Cornwall Council meeting leaves people scratching their heads
By Richard Whitehouse - Local Democracy Reporter
5th Dec 2022 | Local News
As the dust settled on a fractious and chaotic meeting of Cornwall Council this week the disputes and arguments over proposals for a Mayor for Cornwall continued outside the council chamber.
As councillors were leaving New County Hall the leading Conservative group issued a press release about the day's events, which appeared totally at odds with what had actually happened. "Opposition Councillors on Cornwall Council vote against giving County Hall a vote on having a referendum or not on future Mayor plans for Cornwall" it claimed.
Wait a minute, hadn't Independent councillor Tim Dwelly tabled a motion that called for councillors to have a vote on whether to have a referendum? I looked back at the papers just to make sure I wasn't going mad.
There it was in black and white: "Cornwall Council should hold a vote to decide if a referendum of all voters be held to determine whether Cornwall is in future governed by a Mayor. This vote of full council shall be held after consideration of any public consultation exercise undertaken by this Council."
So, what were the Conservatives claiming exactly? In their press release council leader, Linda Taylor was quoted as: "I was really surprised to see our opposition apparently united in opposing plans that will, following the shortly forthcoming consultation to the people of Cornwall, see a vote at County Hall on whether future plans for a Mayor should go to a referendum or not."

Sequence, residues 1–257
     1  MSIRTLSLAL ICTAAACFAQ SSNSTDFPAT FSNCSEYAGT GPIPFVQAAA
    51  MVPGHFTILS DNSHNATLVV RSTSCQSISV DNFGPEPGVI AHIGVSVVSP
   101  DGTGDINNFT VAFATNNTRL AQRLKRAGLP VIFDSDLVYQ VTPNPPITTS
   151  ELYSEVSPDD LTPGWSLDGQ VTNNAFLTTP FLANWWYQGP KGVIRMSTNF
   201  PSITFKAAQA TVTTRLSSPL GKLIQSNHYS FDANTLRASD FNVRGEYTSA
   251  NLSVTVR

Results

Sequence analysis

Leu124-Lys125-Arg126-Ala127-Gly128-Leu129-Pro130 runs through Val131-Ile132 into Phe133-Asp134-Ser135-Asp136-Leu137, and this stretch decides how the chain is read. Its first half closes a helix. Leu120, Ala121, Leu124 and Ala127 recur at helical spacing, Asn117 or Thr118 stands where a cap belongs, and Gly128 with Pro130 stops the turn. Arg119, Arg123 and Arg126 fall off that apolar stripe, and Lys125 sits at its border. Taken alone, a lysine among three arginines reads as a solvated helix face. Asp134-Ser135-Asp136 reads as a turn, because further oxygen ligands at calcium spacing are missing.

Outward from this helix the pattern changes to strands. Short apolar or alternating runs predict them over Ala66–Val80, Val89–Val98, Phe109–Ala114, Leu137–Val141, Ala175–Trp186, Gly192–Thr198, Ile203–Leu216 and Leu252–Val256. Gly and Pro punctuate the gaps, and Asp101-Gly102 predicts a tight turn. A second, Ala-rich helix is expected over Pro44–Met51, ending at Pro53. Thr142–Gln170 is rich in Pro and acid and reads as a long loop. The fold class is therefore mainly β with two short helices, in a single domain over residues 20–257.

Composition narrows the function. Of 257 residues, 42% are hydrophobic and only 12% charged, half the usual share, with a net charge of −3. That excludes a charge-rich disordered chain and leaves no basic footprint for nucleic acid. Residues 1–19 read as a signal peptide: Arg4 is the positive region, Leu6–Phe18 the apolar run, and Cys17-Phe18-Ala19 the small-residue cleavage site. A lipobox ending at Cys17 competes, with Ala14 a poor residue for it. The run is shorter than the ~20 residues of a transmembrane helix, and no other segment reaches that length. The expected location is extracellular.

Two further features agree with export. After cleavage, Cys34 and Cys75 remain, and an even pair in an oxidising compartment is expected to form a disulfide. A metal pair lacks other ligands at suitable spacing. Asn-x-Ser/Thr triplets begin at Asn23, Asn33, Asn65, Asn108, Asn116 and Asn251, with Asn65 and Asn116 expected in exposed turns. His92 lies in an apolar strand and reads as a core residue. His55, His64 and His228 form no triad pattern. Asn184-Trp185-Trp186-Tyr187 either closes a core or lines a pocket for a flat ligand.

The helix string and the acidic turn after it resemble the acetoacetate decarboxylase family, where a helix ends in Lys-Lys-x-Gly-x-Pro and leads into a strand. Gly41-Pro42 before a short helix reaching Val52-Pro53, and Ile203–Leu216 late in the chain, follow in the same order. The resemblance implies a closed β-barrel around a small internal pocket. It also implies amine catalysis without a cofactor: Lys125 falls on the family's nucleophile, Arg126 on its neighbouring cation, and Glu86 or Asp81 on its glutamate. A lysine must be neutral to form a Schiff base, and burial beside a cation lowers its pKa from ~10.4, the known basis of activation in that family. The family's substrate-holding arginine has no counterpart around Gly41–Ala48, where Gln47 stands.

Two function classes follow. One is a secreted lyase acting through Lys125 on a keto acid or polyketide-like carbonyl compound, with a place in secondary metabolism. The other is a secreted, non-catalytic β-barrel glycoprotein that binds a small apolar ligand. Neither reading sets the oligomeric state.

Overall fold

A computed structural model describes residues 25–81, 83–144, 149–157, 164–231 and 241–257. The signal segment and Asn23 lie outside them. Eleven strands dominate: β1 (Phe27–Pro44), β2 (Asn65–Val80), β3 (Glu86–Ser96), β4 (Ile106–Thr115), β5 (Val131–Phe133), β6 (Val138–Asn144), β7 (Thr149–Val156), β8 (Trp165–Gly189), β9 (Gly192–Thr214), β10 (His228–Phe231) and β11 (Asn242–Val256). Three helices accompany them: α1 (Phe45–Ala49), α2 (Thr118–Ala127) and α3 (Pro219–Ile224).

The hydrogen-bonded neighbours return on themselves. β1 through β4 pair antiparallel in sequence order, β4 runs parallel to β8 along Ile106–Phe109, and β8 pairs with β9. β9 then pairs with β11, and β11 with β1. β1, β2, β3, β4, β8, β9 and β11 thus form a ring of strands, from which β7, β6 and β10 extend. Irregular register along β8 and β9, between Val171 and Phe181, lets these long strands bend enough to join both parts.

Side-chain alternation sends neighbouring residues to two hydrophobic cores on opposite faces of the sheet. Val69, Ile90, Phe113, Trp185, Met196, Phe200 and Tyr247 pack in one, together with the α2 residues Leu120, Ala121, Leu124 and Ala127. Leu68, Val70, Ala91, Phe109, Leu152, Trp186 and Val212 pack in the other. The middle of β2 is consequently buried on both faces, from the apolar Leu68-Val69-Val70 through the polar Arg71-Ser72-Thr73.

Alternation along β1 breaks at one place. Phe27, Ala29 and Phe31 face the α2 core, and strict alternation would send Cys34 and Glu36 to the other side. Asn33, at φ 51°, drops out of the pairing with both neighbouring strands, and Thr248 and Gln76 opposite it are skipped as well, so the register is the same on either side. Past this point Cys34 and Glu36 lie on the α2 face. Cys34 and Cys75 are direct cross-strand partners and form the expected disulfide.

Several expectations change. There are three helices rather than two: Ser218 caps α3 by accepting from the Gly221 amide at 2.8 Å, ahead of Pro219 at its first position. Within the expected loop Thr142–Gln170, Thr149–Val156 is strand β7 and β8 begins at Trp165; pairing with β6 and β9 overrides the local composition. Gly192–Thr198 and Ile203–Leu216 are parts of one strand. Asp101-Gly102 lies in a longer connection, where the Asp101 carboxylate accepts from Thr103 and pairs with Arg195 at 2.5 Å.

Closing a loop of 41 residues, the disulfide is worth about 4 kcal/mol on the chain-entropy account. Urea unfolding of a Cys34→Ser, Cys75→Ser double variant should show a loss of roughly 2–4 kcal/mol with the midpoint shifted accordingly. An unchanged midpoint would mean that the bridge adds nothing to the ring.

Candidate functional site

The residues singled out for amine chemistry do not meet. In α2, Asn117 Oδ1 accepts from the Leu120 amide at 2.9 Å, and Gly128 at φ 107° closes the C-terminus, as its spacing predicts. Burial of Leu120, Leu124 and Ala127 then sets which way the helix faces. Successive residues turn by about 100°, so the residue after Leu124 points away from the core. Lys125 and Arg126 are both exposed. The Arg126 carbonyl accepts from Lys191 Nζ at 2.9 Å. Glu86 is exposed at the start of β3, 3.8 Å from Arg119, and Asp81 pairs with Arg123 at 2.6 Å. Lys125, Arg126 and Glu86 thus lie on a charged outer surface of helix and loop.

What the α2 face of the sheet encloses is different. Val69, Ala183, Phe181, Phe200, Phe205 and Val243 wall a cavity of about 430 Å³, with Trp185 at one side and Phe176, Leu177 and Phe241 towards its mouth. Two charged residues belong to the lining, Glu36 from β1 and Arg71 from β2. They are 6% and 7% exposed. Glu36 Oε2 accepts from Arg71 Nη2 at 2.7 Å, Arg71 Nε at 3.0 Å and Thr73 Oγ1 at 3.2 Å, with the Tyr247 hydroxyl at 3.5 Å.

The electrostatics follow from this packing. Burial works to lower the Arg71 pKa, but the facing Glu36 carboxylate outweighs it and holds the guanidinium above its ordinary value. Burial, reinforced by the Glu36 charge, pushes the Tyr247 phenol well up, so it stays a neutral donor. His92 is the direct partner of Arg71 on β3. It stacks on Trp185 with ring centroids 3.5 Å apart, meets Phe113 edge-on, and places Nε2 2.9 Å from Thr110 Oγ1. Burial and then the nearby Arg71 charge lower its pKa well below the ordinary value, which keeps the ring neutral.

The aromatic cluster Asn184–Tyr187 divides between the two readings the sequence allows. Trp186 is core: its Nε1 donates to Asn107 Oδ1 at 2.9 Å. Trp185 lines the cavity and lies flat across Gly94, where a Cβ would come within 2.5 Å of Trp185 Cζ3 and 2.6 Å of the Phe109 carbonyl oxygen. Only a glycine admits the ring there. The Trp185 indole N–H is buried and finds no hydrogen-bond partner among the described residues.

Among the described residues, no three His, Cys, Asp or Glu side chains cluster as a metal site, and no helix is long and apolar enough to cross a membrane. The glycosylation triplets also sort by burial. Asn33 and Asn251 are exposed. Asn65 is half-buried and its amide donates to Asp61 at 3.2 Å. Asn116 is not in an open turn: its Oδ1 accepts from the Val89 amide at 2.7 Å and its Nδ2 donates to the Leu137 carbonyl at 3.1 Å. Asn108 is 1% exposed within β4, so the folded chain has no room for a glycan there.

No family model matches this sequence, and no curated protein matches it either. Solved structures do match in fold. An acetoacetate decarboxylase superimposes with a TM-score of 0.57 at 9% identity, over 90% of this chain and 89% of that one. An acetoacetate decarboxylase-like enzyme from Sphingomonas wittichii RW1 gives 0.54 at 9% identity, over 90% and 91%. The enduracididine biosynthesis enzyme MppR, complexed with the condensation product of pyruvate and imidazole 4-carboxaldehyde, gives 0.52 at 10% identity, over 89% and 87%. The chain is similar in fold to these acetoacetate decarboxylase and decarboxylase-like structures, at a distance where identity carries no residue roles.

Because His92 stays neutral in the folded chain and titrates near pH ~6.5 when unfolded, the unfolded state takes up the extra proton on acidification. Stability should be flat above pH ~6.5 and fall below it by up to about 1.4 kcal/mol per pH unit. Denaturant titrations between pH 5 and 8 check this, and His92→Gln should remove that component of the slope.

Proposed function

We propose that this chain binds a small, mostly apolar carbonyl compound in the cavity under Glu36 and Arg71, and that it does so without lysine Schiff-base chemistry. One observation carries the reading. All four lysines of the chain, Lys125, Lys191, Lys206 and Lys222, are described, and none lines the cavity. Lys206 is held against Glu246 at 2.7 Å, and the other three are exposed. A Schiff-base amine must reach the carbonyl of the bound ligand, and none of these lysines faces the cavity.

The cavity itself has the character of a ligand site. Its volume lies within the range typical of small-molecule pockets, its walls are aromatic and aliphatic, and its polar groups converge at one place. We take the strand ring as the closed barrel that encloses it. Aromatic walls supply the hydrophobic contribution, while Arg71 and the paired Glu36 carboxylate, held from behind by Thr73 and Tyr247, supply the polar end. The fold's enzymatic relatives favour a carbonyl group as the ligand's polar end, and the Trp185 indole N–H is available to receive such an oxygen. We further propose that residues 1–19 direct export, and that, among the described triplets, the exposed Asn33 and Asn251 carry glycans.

Eh? But that was exactly what the motion from Cllr Dwelly was asking for, a motion that the Conservative group said they couldn't support.
Having sat through the fractured and confusing debate which gripped councillors in the chamber (and very few others) some might wonder whether some Conservative councillors had actually read the original motion.
Later I spotted on Twitter that some Conservative councillors kept up this attack line, trying to make out that they were on the side of the people and that the Independent councillors were somehow opposed to a referendum.
This despite the fact that it was an Independent councillor, seconded by a Conservative councillor no less, who had called for the council to be able to have a vote on whether there should be a referendum on the mayoral issue but not until a public consultation is complete.
Confused? It would appear that political spin is the name of the game on this matter but the problem with that is that it is the people of Cornwall who are left in the middle of a cyclone with no idea which way is forward.
The public consultation on the proposed devolution deal will be published this week – Cllr Taylor said there would be no time for councillors to approve this before it goes to the people.
Crucially the majority of councillors are yet to see what is included in the devolution deal all we have been told is that it is "ambitious" and would bring £ 390 million to Cornwall. However, there are claims that that is over 30 years – so £13m a year – and there will be limits on what that can be spent on.
When the consultation goes live this week there will be a lot of people looking very closely at the questions included and how they are worded. If you ask most people, would they like an extra £390m for Cornwall? they are likely to tick any box stating yes.
There has always been talk from councillors of all political persuasions about their enthusiasm for openness and transparency – all should be clear that it is vital that on this issue there is true clarity about what the people of Cornwall will get if they accept the deal and the Mayor that comes with it.